15 years later, 'Bend it like Beckham' is still an anomaly in the film industry
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Can you believe it’s been 15 years since Jess Bhamra bent it like Beckham and changed the cultural consciousness forever?!
Writer-director Gurinder Chadha established herself as a household name with this now-iconic film depicting the struggles of British-Sikh teenager Jess (Parminder Nagra) growing up in Southall as she tries to balance her love of football with the traditional values of her family.
The film launched the career of the now mega-famous Kiera Knightley, and has had a hit adaptation on stage in the West End, which will soon be heading to Broadway. Unusual in its ability to transcend cultural specificity, especially way back in 2003, Bend it like Beckham is undeniably a classic British film to everyone - not just to the British Sikh Punjabi audience it directly represents.
Now, 15 years later, the landscape of ethnic representation is only just seeming to catch up to Bend it like Beckham’s standards. Though films featuring all-white leading casts face backlash these days, studios are still reluctant to commit to non-white stories taking centre stage.
Talking on an industry panel last year to support the release of her film Viceroy's House (2017), Chadha said: “I personally don’t think Bend it like Beckham would get made in today’s climate in the film industry. I think it would be seen as a maverick, isolated film [with] no reason for prequels, sequels or all the rest of it.”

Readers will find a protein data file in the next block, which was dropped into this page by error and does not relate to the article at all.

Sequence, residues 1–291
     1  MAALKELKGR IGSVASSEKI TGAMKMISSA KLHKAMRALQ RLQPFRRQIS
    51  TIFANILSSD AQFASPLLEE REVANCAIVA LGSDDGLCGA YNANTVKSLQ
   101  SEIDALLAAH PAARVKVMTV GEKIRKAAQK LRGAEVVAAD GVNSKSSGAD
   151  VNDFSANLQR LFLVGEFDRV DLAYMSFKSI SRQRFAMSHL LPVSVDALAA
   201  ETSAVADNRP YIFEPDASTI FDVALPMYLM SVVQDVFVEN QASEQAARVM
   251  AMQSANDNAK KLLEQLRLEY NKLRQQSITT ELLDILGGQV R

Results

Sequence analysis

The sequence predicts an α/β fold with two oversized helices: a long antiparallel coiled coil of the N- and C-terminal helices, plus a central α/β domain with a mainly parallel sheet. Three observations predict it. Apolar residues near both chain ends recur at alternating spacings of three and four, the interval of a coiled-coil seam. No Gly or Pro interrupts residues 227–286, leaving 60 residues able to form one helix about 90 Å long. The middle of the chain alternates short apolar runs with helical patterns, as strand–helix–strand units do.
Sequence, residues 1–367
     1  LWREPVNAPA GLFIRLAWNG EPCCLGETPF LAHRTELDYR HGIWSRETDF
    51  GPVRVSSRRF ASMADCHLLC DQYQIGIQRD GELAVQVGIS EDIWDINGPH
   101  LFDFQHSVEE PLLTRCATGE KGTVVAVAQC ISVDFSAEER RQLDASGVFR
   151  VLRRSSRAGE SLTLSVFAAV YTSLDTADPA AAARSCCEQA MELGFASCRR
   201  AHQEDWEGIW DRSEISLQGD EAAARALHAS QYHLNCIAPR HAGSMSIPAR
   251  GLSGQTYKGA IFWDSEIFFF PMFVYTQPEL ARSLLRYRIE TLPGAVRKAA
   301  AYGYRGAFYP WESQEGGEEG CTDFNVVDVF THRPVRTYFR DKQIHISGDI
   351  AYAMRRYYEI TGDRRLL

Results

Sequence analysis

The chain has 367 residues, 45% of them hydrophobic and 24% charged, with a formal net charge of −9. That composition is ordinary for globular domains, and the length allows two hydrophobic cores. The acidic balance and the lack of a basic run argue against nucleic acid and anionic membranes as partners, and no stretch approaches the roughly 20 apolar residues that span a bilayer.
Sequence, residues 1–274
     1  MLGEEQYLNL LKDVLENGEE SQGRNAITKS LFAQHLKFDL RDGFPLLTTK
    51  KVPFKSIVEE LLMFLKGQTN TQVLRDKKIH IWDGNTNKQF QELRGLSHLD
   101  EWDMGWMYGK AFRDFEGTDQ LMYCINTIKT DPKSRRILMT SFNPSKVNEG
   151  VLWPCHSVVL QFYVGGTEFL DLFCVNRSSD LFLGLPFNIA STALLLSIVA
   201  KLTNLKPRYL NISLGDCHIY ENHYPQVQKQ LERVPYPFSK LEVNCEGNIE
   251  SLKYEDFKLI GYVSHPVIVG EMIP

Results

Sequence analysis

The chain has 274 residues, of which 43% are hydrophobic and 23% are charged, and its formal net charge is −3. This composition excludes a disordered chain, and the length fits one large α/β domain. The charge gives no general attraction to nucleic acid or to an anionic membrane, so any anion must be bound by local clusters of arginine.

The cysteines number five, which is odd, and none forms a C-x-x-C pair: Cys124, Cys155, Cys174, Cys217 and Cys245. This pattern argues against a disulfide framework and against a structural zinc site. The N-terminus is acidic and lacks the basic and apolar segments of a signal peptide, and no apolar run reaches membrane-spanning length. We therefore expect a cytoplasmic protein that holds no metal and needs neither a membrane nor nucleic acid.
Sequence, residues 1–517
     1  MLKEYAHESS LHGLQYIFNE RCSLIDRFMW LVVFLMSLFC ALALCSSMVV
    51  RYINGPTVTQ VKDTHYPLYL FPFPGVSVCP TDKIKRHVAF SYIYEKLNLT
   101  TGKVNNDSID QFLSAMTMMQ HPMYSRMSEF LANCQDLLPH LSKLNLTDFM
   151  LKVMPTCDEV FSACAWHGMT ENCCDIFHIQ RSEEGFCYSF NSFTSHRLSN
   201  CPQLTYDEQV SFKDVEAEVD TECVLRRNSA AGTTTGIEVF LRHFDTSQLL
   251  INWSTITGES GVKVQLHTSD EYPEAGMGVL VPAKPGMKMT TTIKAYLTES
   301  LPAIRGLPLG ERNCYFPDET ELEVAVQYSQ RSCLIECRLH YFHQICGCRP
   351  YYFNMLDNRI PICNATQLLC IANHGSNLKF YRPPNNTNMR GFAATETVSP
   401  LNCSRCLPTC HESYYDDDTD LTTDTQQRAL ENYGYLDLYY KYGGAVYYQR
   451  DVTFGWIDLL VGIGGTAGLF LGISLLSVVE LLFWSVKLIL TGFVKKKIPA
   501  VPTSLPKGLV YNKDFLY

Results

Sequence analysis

“I think I’d struggle now. People would look at it and think: ‘it’s not global, it’s not going to sell, it’s not international’… even though it was.
“That’s why you don’t have diverse storytelling… it’s all about: can this go on to make loads of money and can we sell it to every single territory? Will every single country in the world want to buy it?
“I think that we as an industry need to look at the stories that we’re telling and encourage those voices. Being diverse doesn’t mean sticking a person of colour into your crew… diversity to me is about hearing stories from those different perspectives that you might not necessarily be familiar with. That to me is where I would like to see change.
“I would ask of our industry to look sometimes beyond commerce and look at those other voices. From where I’m sitting, I see the graph [going down] in term of diversity in filmmaking in British cinema.”
The key to Bend it like Beckham having the success it still enjoys today definitely lies in the diversity behind the camera. Chadha’s own experiences growing up in the British-Asian community as a Sikh woman meant that her film is truly authentic. Diverse creators are the stepping stone to better on-screen representation, so while championing actors of colour is important, so is championing directors, writers, and producers of colour, who might have the next Bend it like Beckham up their sleeves, just waiting to be green-lit.
Ryan Coogler’s Black Panther and John Chu’s upcoming adaptation of Kevin Kwan’s Crazy Rich Asians are a few more examples of directors taking on projects which are best handled when informed by their own cultural backgrounds.
Here’s to hoping that in another 15 years time, there will be far more examples to draw from.